The similarity in the isotopic composition of mink males and females in all study sites indicates that fish constitute the main dietary component of both sexes and that the two other groups of prey are also eaten in similar proportions. It is known that in mink, due to the sexual dimorphism in body mass, females often hunt smaller prey than males (Magnusdottir et al. 2012). In theory, the difference in male and female food niches should leave an isotopic sign in mink tissues. Our results show a high contribution of fish to both the male and female mink diets; however, they cannot inform us about the size of the hunted fish, which may differ between the sexes.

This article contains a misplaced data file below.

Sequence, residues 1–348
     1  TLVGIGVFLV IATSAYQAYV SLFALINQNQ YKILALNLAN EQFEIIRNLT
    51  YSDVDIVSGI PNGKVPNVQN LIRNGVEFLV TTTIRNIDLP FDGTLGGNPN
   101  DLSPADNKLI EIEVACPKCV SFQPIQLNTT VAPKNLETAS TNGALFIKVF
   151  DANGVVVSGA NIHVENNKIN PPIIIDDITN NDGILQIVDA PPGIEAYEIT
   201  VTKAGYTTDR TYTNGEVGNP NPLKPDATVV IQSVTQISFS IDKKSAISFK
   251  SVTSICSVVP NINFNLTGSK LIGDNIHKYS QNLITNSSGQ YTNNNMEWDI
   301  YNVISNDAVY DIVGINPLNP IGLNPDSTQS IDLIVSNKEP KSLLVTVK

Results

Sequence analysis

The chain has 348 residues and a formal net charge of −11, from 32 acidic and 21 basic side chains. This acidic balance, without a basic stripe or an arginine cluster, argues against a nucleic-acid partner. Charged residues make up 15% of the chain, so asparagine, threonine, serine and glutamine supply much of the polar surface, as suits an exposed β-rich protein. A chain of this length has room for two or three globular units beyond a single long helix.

We found significant differences in the isotopic composition within each group of mink prey. Voles differed significantly in δ15N values between sites. We lack data on the trophic enrichment factor for this species and on the isotopic composition of plants at the study sites, both of which are necessary for the calculation of trophic position (Post 2002). Nevertheless, the trophic enrichment factor for 15N in skeletal muscles seems to be similar between rodent species and is about 2.5–3.1‰ (Arneson and MacAvoy 2005; Miller et al. 2008; DeMots et al. 2010). Compared with studies on other vole species (Chambers and Doucett 2008; Baltensperger et al. 2015), some of which revealed similar intraspecific differences in δ15N values, we can assume that between the study sites, there were both considerable variations in diet composition, as well as differences in the availability of different food types.